Bear Necessities

I’ve been talking to a co-worker (let’s call her A) about how a lot of humans have turned away from their animal nature. It seems a lot of us have taken modern day conveniences and expectations and used them as a wedge between us and our inner selves. This conversation came about one day when we were talking about the unfortunate amount of stress and mental anguish people around our office seem to ascribe to. They run around mumbling about how they’re so busy and there just aren’t enough hours in the day, when in reality, so many of their hours are filled with manufactured preoccupations. More things they’ve created to feed this never ending cycle of feeling busy, important, engaged, involved. For some of them we start to wonder if sitting for a few moments of peace would actually cause these people to unravel.

I think we all know someone like that. More charitably I refer to them as “full platers” – people who always need to feel like they are making the absolute most of everything, in every direction, at all times. Less charitably I refer to people as “crazy makers” – people who always need to be in charge, in control, feeling valued, and making something dramatic happen. In moderation, both attitudes have value. In abundance, either attitude will destroy you.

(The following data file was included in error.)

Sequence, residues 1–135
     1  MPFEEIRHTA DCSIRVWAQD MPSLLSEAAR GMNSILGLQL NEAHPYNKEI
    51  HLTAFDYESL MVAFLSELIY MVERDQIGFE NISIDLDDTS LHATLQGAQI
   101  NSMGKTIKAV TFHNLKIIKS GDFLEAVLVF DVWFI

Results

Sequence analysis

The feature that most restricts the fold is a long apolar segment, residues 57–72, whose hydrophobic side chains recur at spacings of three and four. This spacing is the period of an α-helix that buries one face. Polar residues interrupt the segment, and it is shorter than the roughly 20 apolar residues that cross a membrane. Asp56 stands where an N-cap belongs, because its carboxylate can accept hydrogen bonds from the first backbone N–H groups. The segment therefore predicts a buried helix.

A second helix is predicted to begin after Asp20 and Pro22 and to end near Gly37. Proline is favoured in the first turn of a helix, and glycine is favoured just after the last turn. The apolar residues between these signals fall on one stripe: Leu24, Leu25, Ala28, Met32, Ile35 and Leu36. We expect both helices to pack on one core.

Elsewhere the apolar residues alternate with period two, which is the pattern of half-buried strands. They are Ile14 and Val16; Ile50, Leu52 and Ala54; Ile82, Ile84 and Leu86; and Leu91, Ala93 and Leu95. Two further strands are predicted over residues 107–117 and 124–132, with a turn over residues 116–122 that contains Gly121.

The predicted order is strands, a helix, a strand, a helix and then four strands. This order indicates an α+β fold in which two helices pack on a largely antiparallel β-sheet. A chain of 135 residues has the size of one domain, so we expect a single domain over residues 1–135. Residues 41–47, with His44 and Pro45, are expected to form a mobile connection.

For whatever reason, A and I seem to have missed the day in school where we were taught to feel overwhelmed and under accomplished. Now don’t get me wrong, we both have goals and both have high standards when it comes to our work. We just, unlike the others in our office, understand that humans are not made to go go go 24/7. It isn’t healthy for our bodies, or our minds. We highly value our physical, social/emotional, and professional needs and understand that a healthy life balances all needs, instead of focusing on just one.

This most recent leg of the conversation came up when were talking about the relentlessness of working folks in the winter. People around us use the lack of summer sun as a reason to burn the midnight oil even longer. It’s as though they are pushing their nose ever closer to the grindstone in search of warmth, when really,  if they stopped for a moment they would realize they have all the warmth within themselves.

In stark contrast to the furious runners around us, A is her own warmth. She is the black bear. Calmly going about her business to prepare for the winter, knowing that if she works hard to set up her environment appropriately she will be the one to keep herself and her cubs warm. The black bear, you see, doesn’t run around shouting that there aren’t enough hours in the day to eat, sleep, and tend to her children. She just makes it happen. She gets what she needs from life and gives back to life as well. A says I am the cub. I am significantly smaller and newer to the world, but I have the big bear instincts within me. It’s a wonderful feeling to have found someone else who walks the same walk and is able to see past the chaos.

Oh Baloo, you knew it all along.


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